Is Medicare unknowingly underwriting clinical trials?

Medicare pays for clinical testing and check-ups they would have paid for anyway, but what if testing makes the Beneficiary ill?
See related article CMS probes billing

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Pharmaceutical, Medical Device and Biotechnology companies are all required to report their responsibility for treating clinical trial subjects under Section 111 of the Medicare, Medicaid, and SCHIP Extension Act of 2007 (MMSEA), commonly referred to as CMS Mandatory Insurer Reporting.  The Section 111 civil penalty for not reporting is $1,000 per day per Medicare beneficiary.  Failure to properly report and treat the beneficiary may lead to double damages under Title 42 U.S.C. 1395y(b)(8), Medicare Secondary Payer laws.  Finally, sound public relations policy dictates that companies that include Medicare beneficiaries (everyone over 65 years of age, anyone being treated for kidney disease or covered by Medicare for special disabilities) in a trial must avoid the tinge of a trial underwritten with public (Medicare) funds.

In light of CMS’s public silence and private ambivalence to the reporting issues facing pharmaceutical firms as outlined in an industry letter endorsed by PhRMA; leading pharmaceutical firms are proceeding with efforts to become fully compliant rather than risk the $1,000 per day per beneficiary Mandatory Insurer Reporting fines or double damages under Medicare Secondary Payer statutes.

Section 111, passed in 2007, is just the latest in a long series of legislative changes to the Social Security Act aimed at reducing the Federal budget and protecting the Medicare Trust Fund.  The first legislation to limit Medicare’s exposure came with its genesis when Congress prohibited Medicare from making payments when a beneficiary’s injury was covered under a workers’ compensation plan or Act.  In 1980 under the Omnibus Budget Reconciliation Act (OBRA), Congress further prohibited Medicare from making payments when the beneficiary could turn to a liability or no-fault plan for payment.  Keeping pace with industry’s shift away from conventional insurance carriers to pools, captives and other self-funded risk mitigation strategies, Congress included “self-insurance” in 1982 under the Tax Equity and Fiscal Responsibility Act (TEFRA).  Since 1982, Medicare has strengthened their position through clarifying legislation and court action until now any business entity that explicitly or implicitly accepts the risk of making medical payments to a Medicare beneficiary is deemed an “insurance plan” or “plan”.  The owner of the plan, called the Responsible Reporting Entity (RRE) under Section 111, is responsible for reporting their obligation and may, in addition, be sued under 42 U.S.C. 1395y(b)(8) for double damages for failure to provide medical services after a beneficiary has made a valid medical claim.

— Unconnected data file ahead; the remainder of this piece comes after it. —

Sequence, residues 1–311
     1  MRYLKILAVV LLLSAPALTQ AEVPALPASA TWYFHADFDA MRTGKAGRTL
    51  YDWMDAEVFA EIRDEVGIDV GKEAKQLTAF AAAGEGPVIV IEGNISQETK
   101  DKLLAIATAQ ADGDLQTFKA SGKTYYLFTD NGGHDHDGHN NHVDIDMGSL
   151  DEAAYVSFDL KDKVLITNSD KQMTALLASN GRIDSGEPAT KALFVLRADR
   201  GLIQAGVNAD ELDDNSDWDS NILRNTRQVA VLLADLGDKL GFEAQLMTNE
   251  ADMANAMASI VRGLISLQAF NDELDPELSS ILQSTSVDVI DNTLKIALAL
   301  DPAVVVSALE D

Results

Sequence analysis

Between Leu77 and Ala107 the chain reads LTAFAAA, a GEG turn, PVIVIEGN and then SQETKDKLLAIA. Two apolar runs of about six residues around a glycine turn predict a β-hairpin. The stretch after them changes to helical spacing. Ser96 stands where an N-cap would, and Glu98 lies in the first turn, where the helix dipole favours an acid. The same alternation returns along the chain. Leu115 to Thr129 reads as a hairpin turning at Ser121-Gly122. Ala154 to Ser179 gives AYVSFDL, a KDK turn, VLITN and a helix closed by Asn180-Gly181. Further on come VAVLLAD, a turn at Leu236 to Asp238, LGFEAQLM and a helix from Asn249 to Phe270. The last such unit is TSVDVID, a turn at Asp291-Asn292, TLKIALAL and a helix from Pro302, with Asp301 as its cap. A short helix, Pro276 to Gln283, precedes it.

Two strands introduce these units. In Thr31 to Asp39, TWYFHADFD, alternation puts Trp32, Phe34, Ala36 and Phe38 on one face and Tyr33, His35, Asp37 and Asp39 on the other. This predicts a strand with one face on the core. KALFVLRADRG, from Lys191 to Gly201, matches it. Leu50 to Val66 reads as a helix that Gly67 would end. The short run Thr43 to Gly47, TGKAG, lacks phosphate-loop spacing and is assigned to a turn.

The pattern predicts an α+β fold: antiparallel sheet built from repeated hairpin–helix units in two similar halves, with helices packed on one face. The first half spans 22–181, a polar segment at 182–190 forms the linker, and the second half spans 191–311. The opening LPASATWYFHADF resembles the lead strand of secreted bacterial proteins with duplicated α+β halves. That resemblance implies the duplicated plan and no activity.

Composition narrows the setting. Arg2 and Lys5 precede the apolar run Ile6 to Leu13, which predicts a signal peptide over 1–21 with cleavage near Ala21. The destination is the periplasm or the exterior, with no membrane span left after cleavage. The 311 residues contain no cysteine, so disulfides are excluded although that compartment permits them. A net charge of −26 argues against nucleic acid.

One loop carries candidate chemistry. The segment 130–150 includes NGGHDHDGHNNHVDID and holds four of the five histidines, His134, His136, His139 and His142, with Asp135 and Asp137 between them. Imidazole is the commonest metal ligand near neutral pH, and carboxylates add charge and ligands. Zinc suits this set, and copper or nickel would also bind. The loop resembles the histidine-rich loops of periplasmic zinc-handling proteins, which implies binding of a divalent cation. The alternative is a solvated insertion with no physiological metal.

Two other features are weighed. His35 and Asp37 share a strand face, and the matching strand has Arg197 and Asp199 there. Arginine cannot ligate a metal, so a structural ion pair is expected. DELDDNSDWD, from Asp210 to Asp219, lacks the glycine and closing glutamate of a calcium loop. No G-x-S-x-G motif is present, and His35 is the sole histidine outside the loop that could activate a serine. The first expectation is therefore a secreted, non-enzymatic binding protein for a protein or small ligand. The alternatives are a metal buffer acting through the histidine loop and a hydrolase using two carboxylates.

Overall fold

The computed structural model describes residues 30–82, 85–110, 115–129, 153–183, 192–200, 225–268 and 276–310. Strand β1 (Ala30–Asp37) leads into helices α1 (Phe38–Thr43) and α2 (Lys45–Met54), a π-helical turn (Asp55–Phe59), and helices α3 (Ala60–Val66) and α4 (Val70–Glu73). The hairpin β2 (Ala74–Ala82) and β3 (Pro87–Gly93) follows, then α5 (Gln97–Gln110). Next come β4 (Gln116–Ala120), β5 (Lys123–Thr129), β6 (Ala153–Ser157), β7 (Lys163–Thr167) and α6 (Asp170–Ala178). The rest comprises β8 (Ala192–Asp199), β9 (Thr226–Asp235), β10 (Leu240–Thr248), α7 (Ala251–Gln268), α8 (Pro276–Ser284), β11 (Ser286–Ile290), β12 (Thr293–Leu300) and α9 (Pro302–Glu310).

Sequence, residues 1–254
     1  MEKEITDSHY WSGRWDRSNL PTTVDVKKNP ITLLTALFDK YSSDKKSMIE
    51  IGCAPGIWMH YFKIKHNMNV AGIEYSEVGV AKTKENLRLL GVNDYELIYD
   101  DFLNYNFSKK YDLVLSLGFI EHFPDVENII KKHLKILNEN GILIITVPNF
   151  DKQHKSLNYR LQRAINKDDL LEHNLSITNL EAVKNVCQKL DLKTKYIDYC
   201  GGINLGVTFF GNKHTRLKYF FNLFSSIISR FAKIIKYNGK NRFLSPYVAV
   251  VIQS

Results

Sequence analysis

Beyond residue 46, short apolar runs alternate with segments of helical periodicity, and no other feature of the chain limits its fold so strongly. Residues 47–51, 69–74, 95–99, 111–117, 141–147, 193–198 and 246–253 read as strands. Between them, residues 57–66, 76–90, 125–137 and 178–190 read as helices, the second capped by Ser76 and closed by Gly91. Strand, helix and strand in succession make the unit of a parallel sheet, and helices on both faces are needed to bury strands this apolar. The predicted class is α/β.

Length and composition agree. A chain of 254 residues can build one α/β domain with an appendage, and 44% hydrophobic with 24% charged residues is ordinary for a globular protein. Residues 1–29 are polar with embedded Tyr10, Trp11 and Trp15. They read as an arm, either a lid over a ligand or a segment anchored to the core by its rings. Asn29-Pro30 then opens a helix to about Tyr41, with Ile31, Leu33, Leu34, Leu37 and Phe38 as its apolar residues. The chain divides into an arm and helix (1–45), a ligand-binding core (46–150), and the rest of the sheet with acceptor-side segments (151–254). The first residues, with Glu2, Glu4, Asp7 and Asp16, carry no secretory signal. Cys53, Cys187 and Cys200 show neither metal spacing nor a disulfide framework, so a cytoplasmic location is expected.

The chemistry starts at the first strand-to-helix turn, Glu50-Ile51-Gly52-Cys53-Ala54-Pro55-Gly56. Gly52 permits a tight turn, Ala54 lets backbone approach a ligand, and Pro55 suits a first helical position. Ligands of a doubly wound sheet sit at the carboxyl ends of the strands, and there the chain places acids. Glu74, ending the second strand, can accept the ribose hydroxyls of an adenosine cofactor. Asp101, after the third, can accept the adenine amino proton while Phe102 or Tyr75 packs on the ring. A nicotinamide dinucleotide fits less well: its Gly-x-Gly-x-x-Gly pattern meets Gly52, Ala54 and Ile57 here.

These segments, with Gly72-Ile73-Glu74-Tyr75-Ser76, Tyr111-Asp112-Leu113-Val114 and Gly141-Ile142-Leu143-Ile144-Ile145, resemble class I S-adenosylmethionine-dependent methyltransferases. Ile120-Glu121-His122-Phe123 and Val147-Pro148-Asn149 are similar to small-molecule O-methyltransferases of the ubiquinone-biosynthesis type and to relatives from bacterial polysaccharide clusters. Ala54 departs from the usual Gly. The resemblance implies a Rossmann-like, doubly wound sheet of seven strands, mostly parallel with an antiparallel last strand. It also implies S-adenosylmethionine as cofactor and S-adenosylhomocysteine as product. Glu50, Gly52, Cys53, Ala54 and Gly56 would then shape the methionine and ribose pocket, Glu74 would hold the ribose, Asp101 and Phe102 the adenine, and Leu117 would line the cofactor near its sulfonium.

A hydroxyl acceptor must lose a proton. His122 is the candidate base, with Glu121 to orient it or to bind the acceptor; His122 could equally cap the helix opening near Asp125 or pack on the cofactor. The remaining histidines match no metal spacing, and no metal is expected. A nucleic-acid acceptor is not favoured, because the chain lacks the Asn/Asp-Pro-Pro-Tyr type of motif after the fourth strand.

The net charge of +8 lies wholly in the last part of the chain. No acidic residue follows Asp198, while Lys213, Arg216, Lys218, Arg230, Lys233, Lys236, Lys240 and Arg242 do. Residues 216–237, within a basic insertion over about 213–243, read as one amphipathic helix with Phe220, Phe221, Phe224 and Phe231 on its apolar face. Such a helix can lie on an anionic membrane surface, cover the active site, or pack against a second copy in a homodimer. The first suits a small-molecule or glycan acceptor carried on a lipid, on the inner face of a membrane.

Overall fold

The premise underlying the MSP statute is that third  parties may not shift the cost of medical expenses attributed to their wrongdoing from themselves to the taxpayers.

A Clinical Trial is a Liability Plan In a letter from Gerald Walters, Director, Financial Services Group, Office of Financial management, Medicare responded to industry inquiries seven years ago in April of 2004 asserting that a study sponsor’s commitment to cover the costs of injuries resulting from clinical trials constitutes a “”plan or policy of insurance under which payment can reasonably be expected to be made in the event such an injury occurs”” and Medicare would be secondary to the sponsor’s self-insured “plan.” 

In 2010, in response to inquires from the pharmaceutical, medical device and biotechnology industry regarding their responsibility to report under Section 111 Mandatory Insurer Reporting, CMS issued an alert which stated, “When payments are made by sponsors of clinical trials for complications or injuries arising out of the trials, such payments are considered to be payments by liability insurance (including self-insurance) and must be reported.”  This sentence, like Mr. Walter’s statement above, establishes that clinical trials are included by Statue 1395y(b)(8) and identifies the clinical trial plan as a liability plan.